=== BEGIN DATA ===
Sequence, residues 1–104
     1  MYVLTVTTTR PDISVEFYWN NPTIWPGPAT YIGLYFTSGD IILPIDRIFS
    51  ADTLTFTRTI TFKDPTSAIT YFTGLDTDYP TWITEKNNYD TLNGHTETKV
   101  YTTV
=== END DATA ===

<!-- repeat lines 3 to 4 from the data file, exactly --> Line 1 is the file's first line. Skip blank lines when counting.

    51  ADTLTFTRTI TFKDPTSAIT YFTGLDTDYP TWITEKNNYD TLNGHTETKV
   101  YTTV